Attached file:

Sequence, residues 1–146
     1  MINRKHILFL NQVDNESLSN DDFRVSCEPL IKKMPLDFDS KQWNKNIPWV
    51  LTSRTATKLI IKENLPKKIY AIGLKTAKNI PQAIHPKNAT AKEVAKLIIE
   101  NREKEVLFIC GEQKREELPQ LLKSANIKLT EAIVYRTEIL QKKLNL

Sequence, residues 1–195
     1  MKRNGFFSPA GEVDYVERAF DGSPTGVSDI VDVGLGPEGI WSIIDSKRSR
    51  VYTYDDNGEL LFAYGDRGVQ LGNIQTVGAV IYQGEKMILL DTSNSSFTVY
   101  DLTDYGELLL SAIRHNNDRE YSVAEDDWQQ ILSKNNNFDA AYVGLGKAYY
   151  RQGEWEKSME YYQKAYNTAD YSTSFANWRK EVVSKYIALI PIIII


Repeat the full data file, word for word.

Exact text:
Sequence, residues 1–146
     1  MINRKHILFL NQVDNESLSN DDFRVSCEPL IKKMPLDFDS KQWNKNIPWV
    51  LTSRTATKLI IKENLPKKIY AIGLKTAKNI PQAIHPKNAT AKEVAKLIIE
   101  NREKEVLFIC GEQKREELPQ LLKSANIKLT EAIVYRTEIL QKKLNL

Sequence, residues 1–195
     1  MKRNGFFSPA GEVDYVERAF DGSPTGVSDI VDVGLGPEGI WSIIDSKRSR
    51  VYTYDDNGEL LFAYGDRGVQ LGNIQTVGAV IYQGEKMILL DTSNSSFTVY
   101  DLTDYGELLL SAIRHNNDRE YSVAEDDWQQ ILSKNNNFDA AYVGLGKAYY
   151  RQGEWEKSME YYQKAYNTAD YSTSFANWRK EVVSKYIALI PIIII